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Silence Is Golden

So I have spent the last two nights in a student “Res” on the Stirling campus in Scotland. I have long forgotten my undergrad student days, boarding school days and sharing a dorm with 35 men during national service. I have not forgotten my intolerance of inconsiderate people who speak at the top of their voices and slam doors whilst others want to sleep… Thanks to extreme safety measures, there are fire doors just about every five meter in this building, all of which slam with a bang when someone does not know how to properly close a door. At 01h00 in the morning…

Of course, I could not help to imagine what it must be like if you cannot escape this. If you are helpless and at the mercy of others, not being able to get up and shout at someone for banging the same door for the hundredth time whilst trying to sleep.

Imagine being in “frail care”, not being able to speak, living in bed, fully conscious. The intercom system screamed, “NURSE SMITH, COME TO THE OFFICE PLEASE, NURSE SMITH!” Unexpected, loud, suddenly. Staff talking at the top of their voices, trolleys rattling, someone else’s radio blaring terrible music. (My neighbours in Res were playing music that sounded like an oriental opera…). A television on “Noot vir Noot” (I cannot forstand the sound of Johan Stemmet’s voice!) I would go insane…

The brain, in fact for me – the soul – needs silence. Absolute silence. To reboot, to rest, to recalculate. In so many Care Home settings people feel the need to constantly have piped music – Andre Rieu and Kenny G will definitely drive me to drinking the cleaning chemicals. Why do so many human beings feel the need to constantly make a noise, albeit the noise of their own voice, the ringtone of a cellphone, humming, singing, and nattering?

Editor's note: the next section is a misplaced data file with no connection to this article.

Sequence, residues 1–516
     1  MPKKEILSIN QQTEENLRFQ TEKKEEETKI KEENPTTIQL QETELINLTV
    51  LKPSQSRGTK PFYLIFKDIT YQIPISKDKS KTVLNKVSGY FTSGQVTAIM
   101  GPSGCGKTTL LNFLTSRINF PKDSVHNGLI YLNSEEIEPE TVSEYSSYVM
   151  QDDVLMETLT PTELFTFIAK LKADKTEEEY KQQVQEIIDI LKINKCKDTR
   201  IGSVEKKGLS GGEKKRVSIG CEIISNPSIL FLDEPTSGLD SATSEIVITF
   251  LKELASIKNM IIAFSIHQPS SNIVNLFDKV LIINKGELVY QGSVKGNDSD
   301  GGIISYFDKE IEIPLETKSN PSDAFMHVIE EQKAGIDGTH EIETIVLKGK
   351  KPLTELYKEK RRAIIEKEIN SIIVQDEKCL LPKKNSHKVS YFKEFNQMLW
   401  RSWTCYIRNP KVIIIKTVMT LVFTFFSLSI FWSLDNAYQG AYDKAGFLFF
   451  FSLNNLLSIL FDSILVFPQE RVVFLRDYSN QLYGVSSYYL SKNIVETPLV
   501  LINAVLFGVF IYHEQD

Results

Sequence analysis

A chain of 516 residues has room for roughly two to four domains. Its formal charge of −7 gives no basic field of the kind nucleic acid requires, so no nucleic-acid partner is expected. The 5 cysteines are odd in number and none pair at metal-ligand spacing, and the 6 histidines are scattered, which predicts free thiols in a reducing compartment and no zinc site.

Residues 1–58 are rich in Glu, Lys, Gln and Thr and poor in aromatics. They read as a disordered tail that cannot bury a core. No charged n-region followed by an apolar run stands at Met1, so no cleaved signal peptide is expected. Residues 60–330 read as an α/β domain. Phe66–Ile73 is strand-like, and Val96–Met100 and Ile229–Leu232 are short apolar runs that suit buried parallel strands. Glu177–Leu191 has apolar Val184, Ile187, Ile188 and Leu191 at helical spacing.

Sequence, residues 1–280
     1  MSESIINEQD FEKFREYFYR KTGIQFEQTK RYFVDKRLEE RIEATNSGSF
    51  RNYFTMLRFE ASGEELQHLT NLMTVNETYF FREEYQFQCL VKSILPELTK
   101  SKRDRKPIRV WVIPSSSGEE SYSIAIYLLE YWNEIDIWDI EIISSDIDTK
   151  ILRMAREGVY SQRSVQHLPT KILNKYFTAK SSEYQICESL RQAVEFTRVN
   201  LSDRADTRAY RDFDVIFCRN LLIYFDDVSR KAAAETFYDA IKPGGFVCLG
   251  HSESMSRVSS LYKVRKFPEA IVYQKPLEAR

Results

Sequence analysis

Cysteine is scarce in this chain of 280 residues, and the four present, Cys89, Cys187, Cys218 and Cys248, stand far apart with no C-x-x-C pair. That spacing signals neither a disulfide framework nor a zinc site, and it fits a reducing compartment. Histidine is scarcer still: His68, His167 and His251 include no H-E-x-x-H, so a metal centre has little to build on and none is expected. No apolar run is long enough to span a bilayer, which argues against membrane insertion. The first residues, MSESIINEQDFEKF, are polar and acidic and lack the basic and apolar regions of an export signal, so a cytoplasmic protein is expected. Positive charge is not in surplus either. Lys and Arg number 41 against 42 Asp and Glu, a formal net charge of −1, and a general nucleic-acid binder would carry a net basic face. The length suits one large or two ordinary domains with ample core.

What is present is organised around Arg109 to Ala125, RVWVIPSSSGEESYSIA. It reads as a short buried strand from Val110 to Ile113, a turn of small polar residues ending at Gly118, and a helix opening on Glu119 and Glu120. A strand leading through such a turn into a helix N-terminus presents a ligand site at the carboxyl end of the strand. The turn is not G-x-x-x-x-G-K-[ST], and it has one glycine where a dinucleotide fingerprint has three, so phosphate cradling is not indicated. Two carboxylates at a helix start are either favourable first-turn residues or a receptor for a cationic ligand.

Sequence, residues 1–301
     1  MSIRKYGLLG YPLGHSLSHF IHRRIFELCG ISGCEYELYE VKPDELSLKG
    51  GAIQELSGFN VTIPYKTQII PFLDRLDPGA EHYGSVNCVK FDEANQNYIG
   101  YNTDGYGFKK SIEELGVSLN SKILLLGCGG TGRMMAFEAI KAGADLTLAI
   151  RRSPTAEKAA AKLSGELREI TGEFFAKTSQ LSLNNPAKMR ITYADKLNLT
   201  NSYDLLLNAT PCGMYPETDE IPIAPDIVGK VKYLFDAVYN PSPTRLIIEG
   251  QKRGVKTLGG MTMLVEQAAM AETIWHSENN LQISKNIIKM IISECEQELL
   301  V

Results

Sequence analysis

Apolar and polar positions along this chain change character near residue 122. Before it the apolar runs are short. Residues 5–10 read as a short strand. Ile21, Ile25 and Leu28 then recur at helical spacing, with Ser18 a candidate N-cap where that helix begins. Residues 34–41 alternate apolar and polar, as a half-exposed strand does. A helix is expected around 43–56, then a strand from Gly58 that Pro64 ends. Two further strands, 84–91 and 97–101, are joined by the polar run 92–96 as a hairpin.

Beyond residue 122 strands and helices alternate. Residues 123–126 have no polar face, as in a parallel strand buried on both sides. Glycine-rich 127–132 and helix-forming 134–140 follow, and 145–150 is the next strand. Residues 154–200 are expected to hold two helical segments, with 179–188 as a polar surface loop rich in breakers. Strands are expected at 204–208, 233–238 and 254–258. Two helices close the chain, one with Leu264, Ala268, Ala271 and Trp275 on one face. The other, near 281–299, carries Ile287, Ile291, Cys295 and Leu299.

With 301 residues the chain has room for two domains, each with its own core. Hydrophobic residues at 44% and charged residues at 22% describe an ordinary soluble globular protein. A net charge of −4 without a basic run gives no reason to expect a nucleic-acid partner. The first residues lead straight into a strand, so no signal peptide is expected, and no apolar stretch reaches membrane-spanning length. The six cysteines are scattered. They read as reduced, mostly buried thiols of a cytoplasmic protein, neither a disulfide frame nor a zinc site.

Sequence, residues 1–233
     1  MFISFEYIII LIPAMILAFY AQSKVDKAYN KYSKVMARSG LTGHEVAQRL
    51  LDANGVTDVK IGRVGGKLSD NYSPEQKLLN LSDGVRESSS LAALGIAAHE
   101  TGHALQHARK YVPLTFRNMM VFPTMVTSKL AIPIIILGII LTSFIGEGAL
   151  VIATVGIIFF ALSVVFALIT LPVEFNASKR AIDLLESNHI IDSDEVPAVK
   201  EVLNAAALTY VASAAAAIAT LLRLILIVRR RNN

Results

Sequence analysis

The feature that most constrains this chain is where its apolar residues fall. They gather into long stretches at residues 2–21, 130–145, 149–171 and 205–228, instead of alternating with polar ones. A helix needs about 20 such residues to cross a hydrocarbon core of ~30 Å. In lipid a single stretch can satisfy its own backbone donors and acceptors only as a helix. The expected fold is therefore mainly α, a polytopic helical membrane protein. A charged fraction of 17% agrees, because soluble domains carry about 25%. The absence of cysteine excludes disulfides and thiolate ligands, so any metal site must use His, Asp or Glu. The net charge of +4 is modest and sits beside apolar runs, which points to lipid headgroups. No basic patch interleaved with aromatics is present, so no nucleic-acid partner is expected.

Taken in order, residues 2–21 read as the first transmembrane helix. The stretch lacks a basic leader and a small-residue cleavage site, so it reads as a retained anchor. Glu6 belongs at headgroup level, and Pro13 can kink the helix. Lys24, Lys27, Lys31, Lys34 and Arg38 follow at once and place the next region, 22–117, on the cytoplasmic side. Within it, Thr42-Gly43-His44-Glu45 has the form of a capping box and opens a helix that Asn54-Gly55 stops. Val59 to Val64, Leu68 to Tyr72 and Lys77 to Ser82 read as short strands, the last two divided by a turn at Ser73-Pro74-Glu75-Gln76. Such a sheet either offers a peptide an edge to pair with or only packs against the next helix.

Someone in a Retirement Village in KZN once told me that the only place in the home where she can have some form of silence is on the toilet. That is where she reads her bible and says her prayers.

We have to consider the impact of the environment on well-being. Some (strange) people can cut out the noise and be still. Many people cannot do that – every noise is an intrusion into their brain, into their Being. It is almost as bad as not ever getting restorative sleep – your brain simply never rests. For a brain that is already challenged with atrophy of some sort, this must be HELL. Pure, unadulterated HELL.

Yes, I love music. I love to listen to music when I feel like it. I love to listen to the music that I like, which is very specific. I like to chat, when I feel like it, and with people who I like and choose to chat with.

The past two nights I realised again that people do not “suffer” from being old, frail, or living with neurocognitive impairment. They do SUFFER from being in a world that is not aware, a world that is focused on DOING, rather than on BEING. A world where silence is not golden, it is gone! And that if I ever, God forbid, end up in a Care Home having to share my space with others who are loud and inconsiderate, well I will go bloody crazy. No one will hold me accountable for what I get up to, I promise. Be warned.

“True silence is the rest of the brain, and is to the spirit what sleep is to the body, nourishment and refreshment”. – William Penn

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